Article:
Though it does all kinds of things I ought to dislike — mainly, drastically chopping away at the text — I think the 1995 film version of Richard III starring Ian McKellen is one of the best Shakespeare films I’ve seen.
I admire the sheer nerve of a Shakespeare adaptation (co-written by McKellen) that opens with an extended action sequence devoid of dialogue, and I think McKellen’s version of the hunchbacked villain puts Laurence Olivier’s portrayal in the shade. I also love the way the way Richard’s “Now is the winter of our discontent” soliloquy begins as a speech, then shifts when Richard enters a washroom and notices us in the mirror, after which he directs his conspiratorial asides directly to the camera. This sets up the great moment at the end when Richmond, having vanquished Richard and seized the throne for himself, appears to notice the audience for the first time and directs his own conspiratorial smile at the camera. This last cynical twist tells us everything we need to know about what the next ruler is going to be like. And our last glimpse of Richard as he topples into hell is about the coolest send-off a villain could ask for.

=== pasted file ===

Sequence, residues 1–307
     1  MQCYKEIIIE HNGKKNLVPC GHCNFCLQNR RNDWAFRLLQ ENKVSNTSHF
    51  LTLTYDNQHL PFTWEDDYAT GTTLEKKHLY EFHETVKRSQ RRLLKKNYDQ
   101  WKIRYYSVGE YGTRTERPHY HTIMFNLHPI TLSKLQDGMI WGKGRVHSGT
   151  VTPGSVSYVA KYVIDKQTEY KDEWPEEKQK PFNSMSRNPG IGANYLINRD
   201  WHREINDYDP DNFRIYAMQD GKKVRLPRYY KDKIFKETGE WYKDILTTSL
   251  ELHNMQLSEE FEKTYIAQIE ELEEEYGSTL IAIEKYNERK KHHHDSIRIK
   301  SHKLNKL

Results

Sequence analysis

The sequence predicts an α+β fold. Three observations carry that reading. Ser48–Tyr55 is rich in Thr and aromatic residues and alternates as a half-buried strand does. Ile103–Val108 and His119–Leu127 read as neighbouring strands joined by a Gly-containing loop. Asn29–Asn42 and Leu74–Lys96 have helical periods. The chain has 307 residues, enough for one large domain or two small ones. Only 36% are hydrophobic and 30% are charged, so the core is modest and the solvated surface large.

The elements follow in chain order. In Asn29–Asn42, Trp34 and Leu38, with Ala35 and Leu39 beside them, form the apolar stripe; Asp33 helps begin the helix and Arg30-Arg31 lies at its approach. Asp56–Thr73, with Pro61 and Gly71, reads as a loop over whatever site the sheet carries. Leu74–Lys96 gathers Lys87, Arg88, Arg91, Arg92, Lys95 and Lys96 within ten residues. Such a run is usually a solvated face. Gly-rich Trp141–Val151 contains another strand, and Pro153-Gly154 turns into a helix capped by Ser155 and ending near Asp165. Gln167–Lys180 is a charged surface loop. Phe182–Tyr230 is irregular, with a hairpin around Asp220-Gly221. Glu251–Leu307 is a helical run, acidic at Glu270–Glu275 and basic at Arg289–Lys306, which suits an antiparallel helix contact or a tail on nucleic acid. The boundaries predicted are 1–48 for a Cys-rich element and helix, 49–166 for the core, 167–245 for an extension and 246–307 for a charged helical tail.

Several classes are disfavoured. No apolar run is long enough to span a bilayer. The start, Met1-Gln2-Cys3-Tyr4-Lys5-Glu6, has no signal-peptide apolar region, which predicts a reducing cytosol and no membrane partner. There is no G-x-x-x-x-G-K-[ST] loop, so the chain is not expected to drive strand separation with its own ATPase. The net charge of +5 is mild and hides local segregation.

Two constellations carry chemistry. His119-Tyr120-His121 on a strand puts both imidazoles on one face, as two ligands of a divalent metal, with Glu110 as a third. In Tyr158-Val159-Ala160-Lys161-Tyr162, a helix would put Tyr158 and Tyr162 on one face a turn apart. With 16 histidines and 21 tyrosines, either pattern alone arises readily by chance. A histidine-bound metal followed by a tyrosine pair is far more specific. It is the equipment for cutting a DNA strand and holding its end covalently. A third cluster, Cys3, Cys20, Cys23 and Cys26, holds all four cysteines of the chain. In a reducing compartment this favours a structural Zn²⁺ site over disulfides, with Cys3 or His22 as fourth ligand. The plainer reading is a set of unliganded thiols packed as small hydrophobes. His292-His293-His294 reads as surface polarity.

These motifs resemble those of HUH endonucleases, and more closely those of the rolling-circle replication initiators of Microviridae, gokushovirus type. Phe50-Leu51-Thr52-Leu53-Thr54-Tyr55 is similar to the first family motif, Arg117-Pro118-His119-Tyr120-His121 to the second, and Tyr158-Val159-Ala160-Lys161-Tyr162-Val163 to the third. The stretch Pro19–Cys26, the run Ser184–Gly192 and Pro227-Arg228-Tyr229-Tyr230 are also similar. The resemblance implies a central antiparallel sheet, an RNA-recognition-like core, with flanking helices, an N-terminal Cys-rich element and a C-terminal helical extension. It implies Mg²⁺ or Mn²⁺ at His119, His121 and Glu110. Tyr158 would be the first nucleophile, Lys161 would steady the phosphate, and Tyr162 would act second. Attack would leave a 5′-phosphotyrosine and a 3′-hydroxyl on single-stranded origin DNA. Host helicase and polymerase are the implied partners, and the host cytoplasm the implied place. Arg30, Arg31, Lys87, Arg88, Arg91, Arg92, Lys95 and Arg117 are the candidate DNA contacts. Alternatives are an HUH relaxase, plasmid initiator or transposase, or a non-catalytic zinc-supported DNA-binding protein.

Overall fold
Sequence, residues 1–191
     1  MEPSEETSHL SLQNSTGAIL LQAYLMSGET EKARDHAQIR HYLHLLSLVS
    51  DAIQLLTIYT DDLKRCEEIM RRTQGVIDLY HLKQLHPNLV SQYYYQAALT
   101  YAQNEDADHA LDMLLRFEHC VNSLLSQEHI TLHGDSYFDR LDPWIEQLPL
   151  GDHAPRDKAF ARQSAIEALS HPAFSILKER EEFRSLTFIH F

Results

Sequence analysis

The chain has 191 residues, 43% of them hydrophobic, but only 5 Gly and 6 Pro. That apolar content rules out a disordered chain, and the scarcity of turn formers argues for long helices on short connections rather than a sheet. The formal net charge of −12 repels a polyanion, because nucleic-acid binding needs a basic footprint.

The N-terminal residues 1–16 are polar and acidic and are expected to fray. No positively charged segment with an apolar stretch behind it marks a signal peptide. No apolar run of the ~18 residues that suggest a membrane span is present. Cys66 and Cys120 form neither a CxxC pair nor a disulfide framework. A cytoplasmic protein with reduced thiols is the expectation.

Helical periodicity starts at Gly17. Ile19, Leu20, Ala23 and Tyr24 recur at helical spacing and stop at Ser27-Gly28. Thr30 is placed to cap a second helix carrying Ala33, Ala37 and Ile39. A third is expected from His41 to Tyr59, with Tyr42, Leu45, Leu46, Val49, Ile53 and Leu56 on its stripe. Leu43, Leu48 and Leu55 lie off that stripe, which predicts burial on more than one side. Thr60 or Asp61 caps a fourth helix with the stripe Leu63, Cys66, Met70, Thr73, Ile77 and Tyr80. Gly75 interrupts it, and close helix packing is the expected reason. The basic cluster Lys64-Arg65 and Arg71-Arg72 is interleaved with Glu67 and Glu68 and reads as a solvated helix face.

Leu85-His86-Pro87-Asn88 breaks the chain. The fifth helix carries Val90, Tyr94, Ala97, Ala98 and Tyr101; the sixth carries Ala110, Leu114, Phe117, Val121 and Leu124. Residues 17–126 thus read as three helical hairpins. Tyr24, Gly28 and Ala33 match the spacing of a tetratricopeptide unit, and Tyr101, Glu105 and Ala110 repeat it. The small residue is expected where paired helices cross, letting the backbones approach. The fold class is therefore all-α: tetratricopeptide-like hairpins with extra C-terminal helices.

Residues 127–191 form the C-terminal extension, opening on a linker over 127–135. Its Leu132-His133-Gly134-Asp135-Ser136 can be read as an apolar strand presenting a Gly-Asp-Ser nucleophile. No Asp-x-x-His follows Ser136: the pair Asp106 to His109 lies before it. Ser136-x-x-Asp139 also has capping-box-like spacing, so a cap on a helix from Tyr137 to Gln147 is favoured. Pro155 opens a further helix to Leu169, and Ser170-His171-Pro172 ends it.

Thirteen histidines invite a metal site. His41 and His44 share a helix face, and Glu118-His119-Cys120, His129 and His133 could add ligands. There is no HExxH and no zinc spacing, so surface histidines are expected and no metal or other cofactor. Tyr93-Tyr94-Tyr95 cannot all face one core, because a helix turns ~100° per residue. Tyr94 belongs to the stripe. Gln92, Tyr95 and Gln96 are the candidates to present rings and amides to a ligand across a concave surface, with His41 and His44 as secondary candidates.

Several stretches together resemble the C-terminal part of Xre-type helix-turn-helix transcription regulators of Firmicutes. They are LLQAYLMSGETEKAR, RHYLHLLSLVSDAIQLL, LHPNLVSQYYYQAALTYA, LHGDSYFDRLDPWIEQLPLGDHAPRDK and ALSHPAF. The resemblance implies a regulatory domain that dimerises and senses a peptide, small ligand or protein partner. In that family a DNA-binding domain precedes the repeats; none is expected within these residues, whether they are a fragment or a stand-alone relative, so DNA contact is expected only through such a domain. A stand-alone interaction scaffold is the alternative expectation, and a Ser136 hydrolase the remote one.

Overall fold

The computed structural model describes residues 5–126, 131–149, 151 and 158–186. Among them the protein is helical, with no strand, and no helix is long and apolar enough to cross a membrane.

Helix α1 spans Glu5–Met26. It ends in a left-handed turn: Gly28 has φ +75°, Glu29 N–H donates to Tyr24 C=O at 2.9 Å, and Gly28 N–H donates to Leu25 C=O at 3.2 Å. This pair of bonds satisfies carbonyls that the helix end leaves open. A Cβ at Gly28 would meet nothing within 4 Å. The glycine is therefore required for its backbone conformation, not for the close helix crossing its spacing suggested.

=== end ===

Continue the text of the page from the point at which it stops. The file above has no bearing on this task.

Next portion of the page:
McKellen is currently in the middle of playing King Lear with the Royal Shakespeare Company. BBC has been tracking virtually every step of the production’s journey from page to stage, and I can only hope that this adaptation, like Richard III, leads to a film.